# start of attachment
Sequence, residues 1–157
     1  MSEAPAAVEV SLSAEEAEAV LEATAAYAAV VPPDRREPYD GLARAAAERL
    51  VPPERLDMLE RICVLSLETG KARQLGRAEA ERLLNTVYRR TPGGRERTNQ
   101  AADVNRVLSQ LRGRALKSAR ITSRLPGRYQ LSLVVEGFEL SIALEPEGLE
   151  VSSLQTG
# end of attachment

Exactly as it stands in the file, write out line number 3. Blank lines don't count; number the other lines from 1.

    51  VPPERLDMLE RICVLSLETG KARQLGRAEA ERLLNTVYRR TPGGRERTNQ